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I am trying to prove

$$\lim_{x\to\infty}x^{\ln(x)} = \infty$$

I am going to break this into two methods: one my professor mentioned and my method (which is where the question lies - skip ahead if you must!). Note that this is not homework, but simply an exercise my professor decided to do during notes the other day. The problem is taken from Stewart 7e Calculus (#70a in section 6.3 if you want to bust out your (e)-book).

Method 1:

Recall $\ln(e^x) = x, e^{\ln(x)} = x$. Thus we can write the original limit as $$\lim_{x\to\infty}\left(e^{\ln(x)}\right)^{\ln(x)} = \lim_{x\to\infty}e^{\left(\ln (x)\right)^2}$$

He then let $u = \ln(x)$. As $x\to\infty$, then $u=\ln(x) \to\infty$. As $u\to\infty, v = u^2 \to\infty$. Also, as $v\to\infty, e^v \to\infty$. So, as $x\to\infty, e^{\left(\ln (x)\right)^2} \to\infty$. Thus it is sufficient to say $$\lim_{x\to\infty}x^{\ln(x)} = \infty \ \ \ \ \ \ \ \mathrm{Q.E.D.}$$

Method 2 (my attempt):

Let $t = \ln x$. As $x\to\infty, t\to\infty$ because the $\ln$ function is strictly increasing.

$$\lim_{x\to\infty}x^{\ln(x)} \equiv \lim_{t\to\infty}x^t \tag{1}$$

Does the last statement of line (1) make sense mathematically though since the limit is with the variable $t$, yet the argument contains an $x$ still?

Since line (1) may not be formally correct, I decided to try to write $x$ in terms of $t$. Recall that I made the substitution $t = \ln x \implies e^t = e^{\ln x} = x$. Thus I rewrote the limit as

$$\lim_{t\to\infty}\left(e^t\right)^t$$ which diverges to $\infty$ for sufficiently large values of $t$.

As an added bonus, are there any other 'simple' proofs for this limit?

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I deleted my answer since it was just (1) above. –  DonAntonio Sep 5 '12 at 3:53
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The simple proof is that this is a determinate limit form: $(+\infty)^{+\infty} = +\infty$ –  Hurkyl Sep 5 '12 at 4:08
    
For method 2, would it be possible to use the fact that $\ln{(x)} > 0$ for $x > 1$, and that $\displaystyle \lim_{x \to \infty} x^n = \infty$ if $n > 0$? –  Thomas Sep 5 '12 at 6:33
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3 Answers 3

up vote 14 down vote accepted

Your statement (1) does not really make sense for the reason you cite. Also note that "converges to $\infty$" is generally not correct; instead one usually says "diverges to $\infty$".

Simple proof: Observe that for $x\geq e$, we have $x^{\ln x}>x$. Thus $\lim\limits_{x\to\infty} x^{\ln x}\geq \lim\limits_{x\to\infty} x$, which is clearly $\infty$.

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Nice proof! Regarding converges vs. diverges, I just caught myself when re-reading through my post - about the same time your edit came in. Thanks. –  Joe Sep 5 '12 at 3:54
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@Joe: I confess that I prefer "converges to $+\infty$" despite it being uncommon phrasing. But it sort of depends on your point of view: are you thinking of the function converging to a particular point of the extended real line, or are you thinking of a specific way in which the limit can fail to converge to a point of the (ordinary) real line? The latter is how things are usually introduced, but IMO the former is really the right way to think about it. –  Hurkyl Sep 5 '12 at 4:12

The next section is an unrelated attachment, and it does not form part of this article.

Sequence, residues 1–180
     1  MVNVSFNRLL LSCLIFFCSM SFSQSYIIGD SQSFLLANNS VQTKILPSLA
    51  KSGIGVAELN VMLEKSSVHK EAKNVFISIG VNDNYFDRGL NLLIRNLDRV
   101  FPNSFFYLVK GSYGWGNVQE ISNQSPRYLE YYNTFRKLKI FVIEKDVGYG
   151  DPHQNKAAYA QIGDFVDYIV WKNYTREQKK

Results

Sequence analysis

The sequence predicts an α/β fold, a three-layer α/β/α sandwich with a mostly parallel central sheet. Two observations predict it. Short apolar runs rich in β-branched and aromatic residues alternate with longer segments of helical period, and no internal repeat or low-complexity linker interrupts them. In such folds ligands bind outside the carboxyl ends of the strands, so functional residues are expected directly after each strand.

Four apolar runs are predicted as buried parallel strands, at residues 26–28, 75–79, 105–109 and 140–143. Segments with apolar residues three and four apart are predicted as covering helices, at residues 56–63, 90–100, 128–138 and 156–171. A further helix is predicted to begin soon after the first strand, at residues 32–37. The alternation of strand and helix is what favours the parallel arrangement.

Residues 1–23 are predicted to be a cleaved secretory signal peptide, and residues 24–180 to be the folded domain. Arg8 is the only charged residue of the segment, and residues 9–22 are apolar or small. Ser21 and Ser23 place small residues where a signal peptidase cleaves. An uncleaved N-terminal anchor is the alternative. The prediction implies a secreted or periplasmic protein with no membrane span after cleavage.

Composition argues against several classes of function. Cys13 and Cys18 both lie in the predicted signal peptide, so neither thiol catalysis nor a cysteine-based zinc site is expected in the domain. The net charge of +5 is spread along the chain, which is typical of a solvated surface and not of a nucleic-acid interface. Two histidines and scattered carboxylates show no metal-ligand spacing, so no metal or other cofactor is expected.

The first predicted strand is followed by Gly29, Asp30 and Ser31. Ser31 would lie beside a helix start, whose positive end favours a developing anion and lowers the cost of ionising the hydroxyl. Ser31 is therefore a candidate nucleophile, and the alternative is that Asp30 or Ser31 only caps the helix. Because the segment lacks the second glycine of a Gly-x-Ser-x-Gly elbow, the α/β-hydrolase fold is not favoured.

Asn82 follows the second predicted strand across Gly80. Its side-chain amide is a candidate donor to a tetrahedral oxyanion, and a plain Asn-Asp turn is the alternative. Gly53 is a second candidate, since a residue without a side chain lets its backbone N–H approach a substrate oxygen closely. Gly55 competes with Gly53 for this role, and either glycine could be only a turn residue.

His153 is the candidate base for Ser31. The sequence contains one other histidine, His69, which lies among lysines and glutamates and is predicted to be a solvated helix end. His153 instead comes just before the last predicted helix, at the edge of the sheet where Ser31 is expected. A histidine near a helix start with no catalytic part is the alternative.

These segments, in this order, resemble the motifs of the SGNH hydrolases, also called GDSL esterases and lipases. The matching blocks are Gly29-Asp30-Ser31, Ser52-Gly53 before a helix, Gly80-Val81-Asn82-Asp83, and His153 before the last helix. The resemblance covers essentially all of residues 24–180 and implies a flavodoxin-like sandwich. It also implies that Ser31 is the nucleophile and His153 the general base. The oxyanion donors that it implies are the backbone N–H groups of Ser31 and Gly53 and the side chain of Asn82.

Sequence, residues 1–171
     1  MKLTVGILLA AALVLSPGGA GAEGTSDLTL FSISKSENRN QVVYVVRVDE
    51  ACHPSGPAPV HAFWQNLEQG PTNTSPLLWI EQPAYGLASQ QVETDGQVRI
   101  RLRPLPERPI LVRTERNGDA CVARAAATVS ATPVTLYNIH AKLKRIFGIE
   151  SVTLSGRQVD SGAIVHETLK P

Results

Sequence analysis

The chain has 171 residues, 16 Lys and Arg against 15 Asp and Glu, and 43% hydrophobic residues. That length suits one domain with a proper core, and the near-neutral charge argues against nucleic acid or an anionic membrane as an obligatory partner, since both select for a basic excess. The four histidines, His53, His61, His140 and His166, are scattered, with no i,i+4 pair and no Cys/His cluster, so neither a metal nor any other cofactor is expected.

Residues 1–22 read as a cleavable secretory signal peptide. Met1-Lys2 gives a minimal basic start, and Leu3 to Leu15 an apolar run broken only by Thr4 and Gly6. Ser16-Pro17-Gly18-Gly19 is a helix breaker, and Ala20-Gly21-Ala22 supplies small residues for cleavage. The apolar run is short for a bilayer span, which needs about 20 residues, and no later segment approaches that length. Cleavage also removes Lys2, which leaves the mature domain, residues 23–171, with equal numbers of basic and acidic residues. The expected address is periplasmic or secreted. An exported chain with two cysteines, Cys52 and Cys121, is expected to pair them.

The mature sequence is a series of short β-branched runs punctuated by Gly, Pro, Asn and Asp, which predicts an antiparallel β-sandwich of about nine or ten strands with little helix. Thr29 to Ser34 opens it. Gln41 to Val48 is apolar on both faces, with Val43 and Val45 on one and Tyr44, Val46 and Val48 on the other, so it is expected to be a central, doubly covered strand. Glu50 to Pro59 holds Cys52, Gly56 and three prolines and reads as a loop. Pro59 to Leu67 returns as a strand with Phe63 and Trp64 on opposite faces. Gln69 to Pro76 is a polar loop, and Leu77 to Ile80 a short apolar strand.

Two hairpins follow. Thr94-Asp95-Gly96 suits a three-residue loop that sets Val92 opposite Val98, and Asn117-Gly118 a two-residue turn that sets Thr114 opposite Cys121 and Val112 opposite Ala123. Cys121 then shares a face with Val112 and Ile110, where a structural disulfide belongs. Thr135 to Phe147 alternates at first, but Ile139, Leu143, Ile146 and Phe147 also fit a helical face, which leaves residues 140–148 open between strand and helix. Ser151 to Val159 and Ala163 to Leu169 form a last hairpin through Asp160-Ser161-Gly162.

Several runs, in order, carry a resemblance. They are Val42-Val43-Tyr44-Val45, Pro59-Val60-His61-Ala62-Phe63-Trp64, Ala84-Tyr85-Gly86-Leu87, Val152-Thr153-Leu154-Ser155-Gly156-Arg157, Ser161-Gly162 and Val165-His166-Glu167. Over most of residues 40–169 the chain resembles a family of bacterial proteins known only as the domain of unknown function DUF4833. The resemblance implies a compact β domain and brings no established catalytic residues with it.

@Hurkyl My line of thought was your former viewpoint. I've seen it both ways in texts and from other professors. Diverge is definitely the majority in this argument though. I never truly learned the whole "Why?" for the differences though - beyond intuitively, I suppose. If you want to elaborate, that would be nice! –  Joe Sep 5 '12 at 4:16
    
@Hurkyl I agree that converges to $\infty$ is fine if you are working consistently in some compactification of $\mathbb R$. But usually one is not. –  Alex Becker Sep 5 '12 at 4:33
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Your $(1)$ isn’t helpful, because it loses (or at least obscures) the relationship between the base and the exponent of the expression, and that relationship is crucial. Carrying the substitution through fully, as you did when you wrote

$$\lim_{t\to\infty}\left(e^t\right)^t\;,$$

is just fine and does indeed show that $\lim_{x\to\infty}x^{\ln x}=\infty$.

Note, though, that’s it’s not correct to say that $\lim_{t\to\infty}\left(e^t\right)^t$ ‘converges to infinity for sufficiently large values of $t$. It isn’t the limit that’s converging: it’s the expression $\left(e^t\right)^t$. But it still wouldn’t have been correct if you’d said that $\left(e^t\right)^t$ converges to infinity for sufficiently large values of $t$: it converges to infinity as $t$ increases without bound, or as $t$ tends to infinity. When we say that statement $P(t)$ about $t$ is true for sufficiently large values of $t$, we mean that there is some number $t_0$ such that $P(t)$ is true whenever $t\ge t_0$. But ‘$\left(e^t\right)^t$ converges to infinity’ isn’t a statement about specific real numbers $t$: it’s a statement about the function $f(t)=\left(e^t\right)^t$.

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Thanks for the info about my misuse of "sufficiently large values of t". I'll note that for the future! –  Joe Sep 5 '12 at 4:03
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How about taking log of your expression? Then we have that $$\lim_{x\to\infty}\ln^2(x)\longrightarrow \infty < \lim_{x\to\infty}x^{\ln(x)} $$ and the conclusion follows.

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